Assignment 5 so far..

I wanted to explore the idea of pink in my personal archive. I wanted to look in detail at the pink things that I photograph, especially in the context of my ten year old daughter who is indirectly responsible for a lot of the pink in my life.  I wanted to avoid “colour pop” style images, and simply removing the pink did not work so well as if the picture included a face then the face took the attention. I have therefore isolated the pink elements of each image. At the moment the landscape/portrait/square formats are dependent on the original image however I think this can easily be changed. I chose a fairly bright green floral background to begin with, but am trying other choices at present as there was some strong adverse feedback to the relationship between the lime green ness of the background and the pinkness of the images. Options now are to use a plain background, to use a set of “sugared almond” themed colours for the background or to work with different shades of pink. I have to say that I still have a fondness for the original clashing colours but recognise that I am probably in a minority here. My photoshop selection skills are still a work in progress so some of the images here definitely need more attention, especially the last one of the leggings.

My questions at the moment are:

Thoughts on the various backgrounds. What works?

Use of text. I would like to include text in some way, either as a simple caption stating what the image was of (eg “B in H&M changing room”), or as a brief feminist quote (eg “Women may be the one group that grows more radical with age.” Gloria Steinem). I need to decide which if either set of captions to use, and how the work will be presented to include both image and text. One option on a plain background is to make the text look embossed within the background of the image (a nod to old studio photography), but without a change of colour so that it’s not immediately obvious.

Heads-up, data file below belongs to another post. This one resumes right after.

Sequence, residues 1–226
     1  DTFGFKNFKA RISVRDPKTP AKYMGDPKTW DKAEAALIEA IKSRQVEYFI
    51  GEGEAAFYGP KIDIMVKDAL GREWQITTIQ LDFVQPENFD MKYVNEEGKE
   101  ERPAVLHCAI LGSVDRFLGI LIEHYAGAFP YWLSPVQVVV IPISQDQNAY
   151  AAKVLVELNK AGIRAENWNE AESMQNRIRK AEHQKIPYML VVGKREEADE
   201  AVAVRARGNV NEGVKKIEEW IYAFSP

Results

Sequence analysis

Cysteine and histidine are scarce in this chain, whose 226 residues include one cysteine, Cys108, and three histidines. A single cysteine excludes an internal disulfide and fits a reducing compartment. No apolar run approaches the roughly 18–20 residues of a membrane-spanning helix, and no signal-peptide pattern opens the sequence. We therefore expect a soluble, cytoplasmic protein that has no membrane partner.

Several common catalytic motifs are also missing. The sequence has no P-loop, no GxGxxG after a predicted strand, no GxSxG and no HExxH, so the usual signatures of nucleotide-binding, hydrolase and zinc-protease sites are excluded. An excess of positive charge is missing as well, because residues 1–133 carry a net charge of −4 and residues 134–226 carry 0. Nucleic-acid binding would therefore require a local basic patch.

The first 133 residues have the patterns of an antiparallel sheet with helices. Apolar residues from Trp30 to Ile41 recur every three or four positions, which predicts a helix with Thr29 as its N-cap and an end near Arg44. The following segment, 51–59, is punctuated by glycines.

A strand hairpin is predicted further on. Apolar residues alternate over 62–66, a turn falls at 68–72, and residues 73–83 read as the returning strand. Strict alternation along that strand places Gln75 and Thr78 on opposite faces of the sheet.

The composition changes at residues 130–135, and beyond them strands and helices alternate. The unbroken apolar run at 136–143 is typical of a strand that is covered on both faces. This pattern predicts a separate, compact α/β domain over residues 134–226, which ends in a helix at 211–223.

I am drawing a blank on inspiration for the presentation format, I suppose this is related to the use of text above. I’m loosely kicking around the idea of fairy tale related formats.

Context – most of the images are related to my daughter but some are not. There is the opportunity to increase these second set, concentrate on one set or gain a better balance across the two sets. There’s also the unexplored area of my husband and pink, though that would garner rather fewer images and they would have to be taken rather than fished out of the archive.

These are some of the images that I’m working with at the moment.

As always, thank you for reading and I welcome feedback.

12 thoughts on “Assignment 5 so far..

  1. photosociology July 13, 2018 / 4:09 pm

    Hi Kate.
    From the first series I like the second and third background. The pastel yellow is a complimentary colour and they work well together (my photobooks branding uses these two colours). The third background, to my eye, becomes a substitute fabric, which I like. I also like the pastel pink from the second series. The sugared almonds backgrounds work well.

    I have a preference for the clothing series rather than the other object’s, I like the delicacy and subtlety of them, although my favourite is of the princess palace.

    • Kate July 13, 2018 / 8:03 pm

      Hi Richard, thank you for reading and commenting, that’s very useful. It’s good to have choices on the backgrounds. I see the pastel yellow on your website! I would love to learn more about colour.

      I find it a hard set to edit, I think because they all are so different. The palace was from a family holiday to Disneyland Paris, I loved how decrepit the palace became when I took out the non-pink stuff (though a bit of orange is still there…). It is so interesting to see how Disney uses pink – it is the colour of girls, of princesses, of castles, even of princes to a point. It is not the colour of step-mothers or fairy god mothers though!

      • photosociology July 13, 2018 / 8:55 pm

        It might be worth making a colour wheel so that you can become more familiar with colour. It’s good to make three. The first as standard, the second the same as the original but add white to each mix so you get your pastels, and the third the same as the first but add a very small touch of black so that you get your acids.

  2. Catherine July 13, 2018 / 4:23 pm

    So many shades of pink. I should have known but there’s something amazing in degrees of pinkness there are in the world and different hues and saturation likely need different backgrounds. of it. I think with the top one you’ve used the colour picker to pick out the colour of the writing of the cap and maybe it would work extra well if you lightened the background so it has less of a mustard hue and more of a gold one.